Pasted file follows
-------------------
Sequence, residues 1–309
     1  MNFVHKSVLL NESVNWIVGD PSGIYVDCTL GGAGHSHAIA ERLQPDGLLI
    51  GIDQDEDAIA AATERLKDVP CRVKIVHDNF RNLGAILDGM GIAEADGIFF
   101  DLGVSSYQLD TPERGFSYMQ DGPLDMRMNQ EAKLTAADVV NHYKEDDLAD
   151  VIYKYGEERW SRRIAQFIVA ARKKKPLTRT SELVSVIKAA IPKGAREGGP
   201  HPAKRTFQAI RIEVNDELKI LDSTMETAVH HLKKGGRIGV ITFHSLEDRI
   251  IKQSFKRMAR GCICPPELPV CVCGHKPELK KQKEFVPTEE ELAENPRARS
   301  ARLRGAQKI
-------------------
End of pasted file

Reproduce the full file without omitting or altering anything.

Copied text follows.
Sequence, residues 1–309
     1  MNFVHKSVLL NESVNWIVGD PSGIYVDCTL GGAGHSHAIA ERLQPDGLLI
    51  GIDQDEDAIA AATERLKDVP CRVKIVHDNF RNLGAILDGM GIAEADGIFF
   101  DLGVSSYQLD TPERGFSYMQ DGPLDMRMNQ EAKLTAADVV NHYKEDDLAD
   151  VIYKYGEERW SRRIAQFIVA ARKKKPLTRT SELVSVIKAA IPKGAREGGP
   201  HPAKRTFQAI RIEVNDELKI LDSTMETAVH HLKKGGRIGV ITFHSLEDRI
   251  IKQSFKRMAR GCICPPELPV CVCGHKPELK KQKEFVPTEE ELAENPRARS
   301  ARLRGAQKI